Medical Device Daily Executive Editor
The medical device industry, particularly the cardio device sector, may be asking today, "What took so long?"
And well they might.
After more than two years of questions raised by clinical data concerning the safety and efficacy of drug-eluting stents (DES), steep declines in the sales of DES devices because of these questions, and DES developers looking for R&D and regulatory guidance, FDA this week issued a new set of guidelines, in draft form, concerning the development, testing and manufacture of DES devices.
In releasing the guidelines, the FDA acknowledged that the agency "and the clinical community" for some time have been tracking these devices, especially in monitoring "concerns over clot formation in some patients several years after implantation."
No matter how often the companies making these devices have claimed that the occurrence of thrombosis post-DES implant is a rare event, these events do occur and with a high rate of death resulting.
The draft guidelines come more than 15 months after a two-day meeting in late 2006 hosted by the agency to gather comments on DES issues (Medical Device Daily, Dec. 11, 2006; Dec. 12, 2006) which was followed by the FDA's issuing a statement focused only on the need to emphasize better patient compliance with anti-platelet medications following DES implant.
The new draft guidelines now outline more specific pathways concerning its recommendations for pre-approval clinical evaluation of the devices and then post-approval studies, which, the agency said in a statement, "may provide data to better address [thrombosis] and other potential safety concerns."
The guidelines provide a steeper path and higher hurdles for approval no surprise to anyone familiar with the fairly rapid way in which the agency approved the first devices and the fallout from the issues that were then raised as the devices captured 80% of the stent market and received implantation in real-world settings.
Among a variety of specifications, the higher hurdles for approval include a "substantial portion" of enrolled patients followed for two year in pre-approval clinical studies, and a composite clinical endpoint including cardiac death and target vessel failure.
The composite endpoint requirement starkly contrasts with the initial evaluation of the first-generation devices the Cypher DES from Cordis (Miami Lakes, Florida) and the Taxus from Boston Scientific (Natick, Massachusetts) focusing almost exclusively on the rate of reclogging at the stent site (restenosis) and what was pitched as a steep reduction in the need to redo the stenting in comparison to the use of bare-metal stents.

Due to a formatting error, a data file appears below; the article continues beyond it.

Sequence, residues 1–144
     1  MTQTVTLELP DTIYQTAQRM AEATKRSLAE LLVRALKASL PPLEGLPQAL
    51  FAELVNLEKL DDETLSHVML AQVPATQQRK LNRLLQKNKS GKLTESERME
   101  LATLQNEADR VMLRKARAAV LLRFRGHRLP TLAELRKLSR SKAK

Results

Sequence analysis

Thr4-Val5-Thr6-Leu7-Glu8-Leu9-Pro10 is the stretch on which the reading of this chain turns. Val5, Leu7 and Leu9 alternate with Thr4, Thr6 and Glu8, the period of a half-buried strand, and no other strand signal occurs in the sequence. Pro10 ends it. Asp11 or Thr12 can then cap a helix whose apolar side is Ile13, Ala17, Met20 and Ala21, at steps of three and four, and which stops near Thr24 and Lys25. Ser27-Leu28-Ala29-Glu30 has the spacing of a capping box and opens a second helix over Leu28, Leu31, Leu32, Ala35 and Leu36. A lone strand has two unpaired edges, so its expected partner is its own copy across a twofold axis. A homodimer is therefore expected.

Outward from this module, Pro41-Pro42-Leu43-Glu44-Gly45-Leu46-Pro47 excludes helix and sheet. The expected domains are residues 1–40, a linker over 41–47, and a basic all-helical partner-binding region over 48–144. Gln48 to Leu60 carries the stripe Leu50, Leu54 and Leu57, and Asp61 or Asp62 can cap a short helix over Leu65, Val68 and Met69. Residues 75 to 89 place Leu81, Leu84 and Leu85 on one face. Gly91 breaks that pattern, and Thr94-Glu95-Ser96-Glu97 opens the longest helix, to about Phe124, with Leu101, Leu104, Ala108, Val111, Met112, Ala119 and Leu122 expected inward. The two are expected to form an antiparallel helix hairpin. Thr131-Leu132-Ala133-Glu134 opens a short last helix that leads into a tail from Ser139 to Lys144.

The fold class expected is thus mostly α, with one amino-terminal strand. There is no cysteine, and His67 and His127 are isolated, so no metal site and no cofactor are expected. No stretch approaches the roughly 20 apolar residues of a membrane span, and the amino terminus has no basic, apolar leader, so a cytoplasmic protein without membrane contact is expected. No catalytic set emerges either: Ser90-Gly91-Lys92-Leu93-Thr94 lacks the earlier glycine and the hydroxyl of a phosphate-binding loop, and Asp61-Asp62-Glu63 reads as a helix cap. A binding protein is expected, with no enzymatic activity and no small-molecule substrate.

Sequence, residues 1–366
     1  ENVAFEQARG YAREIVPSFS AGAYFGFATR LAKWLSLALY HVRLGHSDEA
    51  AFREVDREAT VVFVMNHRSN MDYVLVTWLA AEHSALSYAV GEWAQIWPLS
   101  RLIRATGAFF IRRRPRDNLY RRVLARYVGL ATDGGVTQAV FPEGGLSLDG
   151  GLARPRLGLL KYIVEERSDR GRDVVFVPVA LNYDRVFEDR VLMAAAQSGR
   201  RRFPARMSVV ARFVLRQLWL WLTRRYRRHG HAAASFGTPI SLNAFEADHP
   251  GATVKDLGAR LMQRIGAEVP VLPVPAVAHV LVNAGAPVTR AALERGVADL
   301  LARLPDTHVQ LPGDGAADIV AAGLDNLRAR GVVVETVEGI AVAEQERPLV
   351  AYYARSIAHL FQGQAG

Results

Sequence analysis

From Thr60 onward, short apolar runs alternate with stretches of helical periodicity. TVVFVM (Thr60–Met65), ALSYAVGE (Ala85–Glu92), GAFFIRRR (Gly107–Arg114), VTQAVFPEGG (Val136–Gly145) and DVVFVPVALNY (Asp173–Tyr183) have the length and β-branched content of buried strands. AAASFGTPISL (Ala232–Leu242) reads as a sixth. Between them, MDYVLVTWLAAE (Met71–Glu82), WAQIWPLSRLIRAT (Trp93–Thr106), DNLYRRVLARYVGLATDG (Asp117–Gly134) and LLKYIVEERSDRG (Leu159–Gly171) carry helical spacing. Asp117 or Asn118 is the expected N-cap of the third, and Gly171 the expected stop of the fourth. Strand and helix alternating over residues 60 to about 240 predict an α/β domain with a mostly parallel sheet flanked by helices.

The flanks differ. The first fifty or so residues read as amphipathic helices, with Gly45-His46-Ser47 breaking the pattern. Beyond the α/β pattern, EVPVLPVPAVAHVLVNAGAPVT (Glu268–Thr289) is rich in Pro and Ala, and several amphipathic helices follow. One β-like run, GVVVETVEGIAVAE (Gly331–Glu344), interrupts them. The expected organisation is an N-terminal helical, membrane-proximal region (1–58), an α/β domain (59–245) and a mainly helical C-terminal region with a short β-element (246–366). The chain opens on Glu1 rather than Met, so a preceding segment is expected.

In the area of post-approval monitoring, the agency is recommending 12-month clinical trial follow-up, compared to nine-month follow-up for the first-generation devices and five-year post-approval studies.
While these requirements mean more expense and longer trials for new DES products, the guidelines should have the benefit of offering clarity where there have been only questions. (And this week's release of the draft guidelines means that the proposed stiffer requirements will offer considerable fodder for discussion and debate at this year's meeting of the American College of Cardiology [Washington], beginning tomorrow in Chicago.)
Besides providing more information related to the parameters for future clinical studies, the draft document focuses on the assessment of the drug used to coat, and then elute from, the stent, "both on its own and as part of the complete product."
The guidance, the agency said, was developed through input from both the Center for Devices and Radiological Health and the Center for Drug Evaluation and Research, reflecting the device/drug combination of DES architecture and therapeutic action.
Also included are draft recommendations for engineering tests, biocompatibility tests, and animal studies to assess the device's overall safety.
"This guidance demonstrates how FDA will need to work across traditional product boundaries to guide the development of innovative new products," said Janet Woodcock, MD, director of CDER.
Most recently, the FDA has given PMA approval to the first of the second-generation DES devices, the Endeavor from Medtronic (Minneapolis), and it has under review the Xience DES being developed by Abbott (Abbot Park, Illinois). Rick Wise, device analyst with Bear Sterns issued a note referring to the FDA cardiovascular panel reviews of the Endeavor and the Xience, saying that those meetings "highlighted the lack of long-term safety data and the need for extended follow-up in more patients."
He judged that the proposed new guidelines are likely to impact future DES filings and that they are unlikely to slow the expected approval of the Xience, projecting that approval and product rollout by Abbott (and Boston Science, under a private-label agreement for a Xience DES branded as the Promus) in the third quarter of this year.
FDA said that it will, at some later time, set a workshop to receive comments on the guidance, and it will accept comments for 120 days following publication of the guidance in the Federal Register, thus indicating that it will make official the final DES-development guidelines before the end of 2008.
In rolling out the draft guidelines the FDA put the number of patients treated with DES devices at 650,000 annually.
A copy of the guidance, "Draft Guidance for Industry on Developing Coronary Drug Eluting Stents," can be found at http://www.fda.gov/OHRMS/DOCKETS/98fr/E8-8853.htm.